Within this framework, ‘crisis’ is also employed as a tool to frame the narrative around symptoms of our global economic system. For example, Mazzucato “the world’s scariest economist” according to the Times (Rumbelow 2017), argues that “capitalism is at least facing three major crises”, namely a pandemic-induced health crisis, financial instability, and the climate crisis (Mazzucato 2020a). These are not considered to be crises of capitalism as such, but of how we do capitalism (Mazzucato 2020b).
It follows that “there’s all sorts of different ways to do capitalism. There’s the kind of maximization of shareholder value. There’s the more stakeholder value perspective […] that fundamentally affects how public and private come together” (Mazzucato, in Nelson 2019). It is the latter partnership model which allows for the government to determine the rate and direction of innovation-led growth, which prioritizes public interest over private gain. Problematizing capitalism as such and raising the alternative of socialism, Mazzucato argues, is a distraction, and “it’s not going to make [companies] do anything different from what they’re doing now” (ibid.).
However, this view overlooks the fact capitalism is about profit and accumulation, and not about use value, or wealth, in the first place. Accumulation can be temporarily restrained, redirected, curbed, yet the fundamentals of capitalism cannot be overturned by means of any mission-oriented partnerships.
An important lesson that tends to be forgotten is that the cuts in social services, decoupling of real wages from productivity, aggressive expansion of commodity frontiers and similar interventions as to extend terrains of accumulation in the last few decades are precisely the collected outcomes of capital’s backlash to the profitability crisis in the imperialist center in the 1970s, a crisis which followed from the attempts to tame capital and establish a class compromise within the larger context of growing ‘threat’ of socialism. It is therefore difficult to understand how critical scholars today can commit to the possibility of another ‘Golden Age’ capitalism, while the driving force and regulating principles of the capitalist system itself are left unchallenged in any substantial way.
The conceptual frameworks for viewing ‘crises’ discussed above have the common feature of ‘reshaping’ capitalism or ‘stabilizing’ the global economy in the face of multiplying crises dynamics. Rather than interrogating the structural forces that shape systemic outcomes, these frameworks suggest that the pressing manifestations of the ecological breakdown, geopolitical tensions and wars, supply bottlenecks, inflation, or other discussed phenomena result from policy mistakes, greedy powerful corporations, bad intentions, or a lack of historical knowledge, and not from the accumulation imperative constitutive of capitalism.
Problems such as ecological breakdown, militarization, inadequate and unjust responses to an ongoing pandemic, the rise of openly racist and anti-immigrant politics, which appear to be independent, are integral parts of the capitalist totality with its peculiar property, production and exchange relations, structural imperatives and limitations, the resulting exploitative and oppressive dynamics along with their conflictual subjectivities.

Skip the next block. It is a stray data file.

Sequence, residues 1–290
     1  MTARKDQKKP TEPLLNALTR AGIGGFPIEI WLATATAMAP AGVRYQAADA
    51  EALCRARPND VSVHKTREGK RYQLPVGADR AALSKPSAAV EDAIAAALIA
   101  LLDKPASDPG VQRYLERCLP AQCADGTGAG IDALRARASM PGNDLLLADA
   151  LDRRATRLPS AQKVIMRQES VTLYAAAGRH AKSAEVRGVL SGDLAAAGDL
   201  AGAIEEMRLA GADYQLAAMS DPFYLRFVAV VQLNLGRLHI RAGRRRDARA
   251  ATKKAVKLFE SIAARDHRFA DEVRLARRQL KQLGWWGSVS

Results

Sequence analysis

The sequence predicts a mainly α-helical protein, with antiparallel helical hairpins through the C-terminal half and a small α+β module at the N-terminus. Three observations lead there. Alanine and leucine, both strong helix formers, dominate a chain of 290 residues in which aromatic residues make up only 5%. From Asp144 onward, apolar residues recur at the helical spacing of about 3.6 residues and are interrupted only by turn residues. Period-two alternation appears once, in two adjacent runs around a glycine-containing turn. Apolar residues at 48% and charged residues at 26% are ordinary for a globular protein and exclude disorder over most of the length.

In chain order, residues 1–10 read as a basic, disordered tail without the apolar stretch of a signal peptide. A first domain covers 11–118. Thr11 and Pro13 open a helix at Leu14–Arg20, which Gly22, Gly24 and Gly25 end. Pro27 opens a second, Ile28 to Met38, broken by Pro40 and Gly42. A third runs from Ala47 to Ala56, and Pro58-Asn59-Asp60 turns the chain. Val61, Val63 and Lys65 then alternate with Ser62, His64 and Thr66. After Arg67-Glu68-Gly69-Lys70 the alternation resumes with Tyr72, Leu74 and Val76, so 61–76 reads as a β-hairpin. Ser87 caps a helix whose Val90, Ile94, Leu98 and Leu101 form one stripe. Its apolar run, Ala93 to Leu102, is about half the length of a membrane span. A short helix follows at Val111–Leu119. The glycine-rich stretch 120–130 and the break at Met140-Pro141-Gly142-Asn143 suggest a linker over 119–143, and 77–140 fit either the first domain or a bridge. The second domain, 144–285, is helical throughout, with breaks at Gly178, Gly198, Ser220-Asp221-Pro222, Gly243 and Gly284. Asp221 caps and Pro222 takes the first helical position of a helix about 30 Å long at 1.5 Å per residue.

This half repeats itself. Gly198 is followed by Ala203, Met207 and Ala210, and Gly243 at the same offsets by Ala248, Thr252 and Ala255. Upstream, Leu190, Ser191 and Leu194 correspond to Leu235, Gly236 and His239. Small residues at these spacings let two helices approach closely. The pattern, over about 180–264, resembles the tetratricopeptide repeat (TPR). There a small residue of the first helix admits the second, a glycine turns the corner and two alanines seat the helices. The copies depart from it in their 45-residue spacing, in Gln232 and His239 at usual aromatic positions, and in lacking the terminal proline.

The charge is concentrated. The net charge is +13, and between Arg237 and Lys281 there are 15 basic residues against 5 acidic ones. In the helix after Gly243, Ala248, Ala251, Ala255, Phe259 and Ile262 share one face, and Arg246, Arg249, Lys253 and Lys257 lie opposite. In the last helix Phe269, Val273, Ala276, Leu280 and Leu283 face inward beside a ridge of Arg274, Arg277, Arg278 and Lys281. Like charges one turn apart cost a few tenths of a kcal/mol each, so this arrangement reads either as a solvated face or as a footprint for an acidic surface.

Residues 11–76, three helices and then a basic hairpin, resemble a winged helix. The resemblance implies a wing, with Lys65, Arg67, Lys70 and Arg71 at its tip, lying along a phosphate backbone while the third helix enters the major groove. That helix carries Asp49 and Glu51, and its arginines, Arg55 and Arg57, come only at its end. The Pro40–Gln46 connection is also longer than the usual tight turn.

Take ecological breakdown, for instance, which seems to be the alarming phenomenon for many commentators. Without grasping capital as a set of social relations between the owners of means of production and workers laboring for wage, and without conceiving of this relation as the expansion of value as its single overriding goal, neither the exploitative character of capitalist growth nor the imperative of cost efficiency can be comprehended as structural phenomena. The systematic shifting of costs to third parties (Kapp 1971), ruthless plundering of non-human natures in the context of the continuous adjustment of commodity frontiers as to appropriate cheap nature (Moore 2015), and the failure to make any significant progress to slowdown ecological breakdown even in the face of its increasing recognition by the public would then appear as accidental or a result of policy mistakes.
What is at stake here is not reducing all argumentation and analysis to an abstract notion of capitalism as to render any concrete discussion redundant. Quite the contrary, concrete appearances can only be made sense of by carefully studying their inner connections—not only with one another, but also with the totality of capitalist relations, which is undeniably larger than the sum of its parts.
Indeed, we are confronted with challenges at an unprecedented scale and complexity. Indeed, they call for radical responses and ruptures. To do so, however, we should be able to call the culprit by its name in the first place. And perhaps pick our side more carefully in the light of histories of the intertwined crises at stake. Are we going to partner up with governments and institutions complicit in decades of ecocide, imperialist aggression and warmongering, impoverishment of working classes at home and abroad, and oppression of ‘the wretched of the earth’, or organize among and with the working classes and the oppressed to fight for a future free of capital’s dominion?
Güney Işıkara is a a Clinical Assistant Professor in Liberal Studies at New York University.
MRonline, November 28, 2022, https://mronline.org/